Literary Mama writing about the many faces of motherhood
Tough Love

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The phone screeched in my ear. I jerked up in bed. It screeched again. I squinted at the clock. Three a.m. Nothing good comes from a call at three a.m. I picked up the receiver in mid-screech. "Hello?" I said, sleep clogging my voice.


I could see his face as soon as he said the word. Twenty-four, scrawny, long hair falling into his eyes. Where was he calling from? A bus station? Some homeless shelter? I tried to pick up background noises.

"Mama?" he asked again. All of a sudden, he was three again, coming to me with a boo-boo needing a kiss.
"I'm here, Joshua," I said with a croak. I cleared my throat. I wasn't going to let him get to me this time. "What's up?"

"I need to come home. I haven't got a place to stay. They kicked me out of the shelter. Please, it'll be just for a little while."

Since the age of 16, we had tried contracts, counselors, military schools, you name it. Nothing seemed to reach him, help him find a path other than the one towards destruction. "Please, Joshua, don't ask. You remember the last time? I told you then, I couldn't let you come back again."

I waited for his reaction. He always exploded when he didn't get his way. I've been called a bitch, a whore, a fucking cunt. It's surprising how much those words sting even after you've heard them a hundred times from someone you love, or wanted to love.

This time, however, no burst of anger. "Please, Mama, just for a little while?"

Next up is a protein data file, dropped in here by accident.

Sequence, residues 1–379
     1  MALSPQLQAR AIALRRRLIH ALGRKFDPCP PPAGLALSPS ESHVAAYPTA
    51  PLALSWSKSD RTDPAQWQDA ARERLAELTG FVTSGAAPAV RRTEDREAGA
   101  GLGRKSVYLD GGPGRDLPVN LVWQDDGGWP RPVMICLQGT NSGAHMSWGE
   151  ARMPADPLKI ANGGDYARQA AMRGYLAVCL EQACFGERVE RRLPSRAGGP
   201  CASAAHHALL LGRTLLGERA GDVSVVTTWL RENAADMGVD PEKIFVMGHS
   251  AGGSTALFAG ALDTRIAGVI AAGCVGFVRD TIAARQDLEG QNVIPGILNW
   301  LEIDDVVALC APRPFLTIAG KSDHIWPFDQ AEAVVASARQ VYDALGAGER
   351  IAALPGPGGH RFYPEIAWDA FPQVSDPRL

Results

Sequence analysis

The second approach, wheedling, plying for my affection. Like when he wanted that Teenage Mutant Ninja Turtle collection when he was eight. I hardened my heart. He was no longer eight, I reminded myself. He couldn't even be bothered to come to his father's funeral.

I repeated something the many therapists had stressed over our years of counseling. "No, Joshua. You've made your choices. You'll have to accept the consequences."

He took a deep breath, and I could almost hear the tears in his voice. "You're right."

This caught me off-guard. Never had he accepted responsibility. Someone or something else had always created his problems. Teachers, the system, his parents. He continued. "I just was hoping . . . if I could just get on my feet . . . I promise it'll be different."

I could hear Sam's voice in my head. He's an adult. He's got to learn to stand on his own two feet.

I swallowed. "That's what you always promise, then you break it."

"Not this time. I'm straight now. I haven't used in months."

Don't let him get to you.

I squeezed the receiver tightly. "How do I know that's the truth?" I had a second sense about this. An in-born lie detector. I could never explain this to Sam, how I just knew if one of the kids was jerking our chains. Countless times I had been accused of mistrust, only to prove in the end I was right.

"I'll do anything you ask, even drug tests. If that's what you want. I've hit bottom, I promise. I want out."

You're not going to believe him, are you?

I told Sam to shut up. I heard sincerity in Joshua's voice. Whether for real or from a mother's optimism, I wasn't certain; but I took a deep breath and said, "Okay, baby, you can come home."

Liese Sherwood-Fabre received her PhD from Indiana University and is an award-winning author whose pieces have appeared in Briar Cliff Review, Lynx Eye, and Writers’ Journal magazines. Another story appears in the anthology The Girls’ Life’s Big Book of Friendship Fiction. Her professional career with the U.S. government has taken to countries throughout the world. The current piece, “Tough Love,” was inspired by discussions and presentations on teen problems and solutions at conferences she has attended in her current position with the U.S. Department of Health and Human Services and as a mother of three teens herself.

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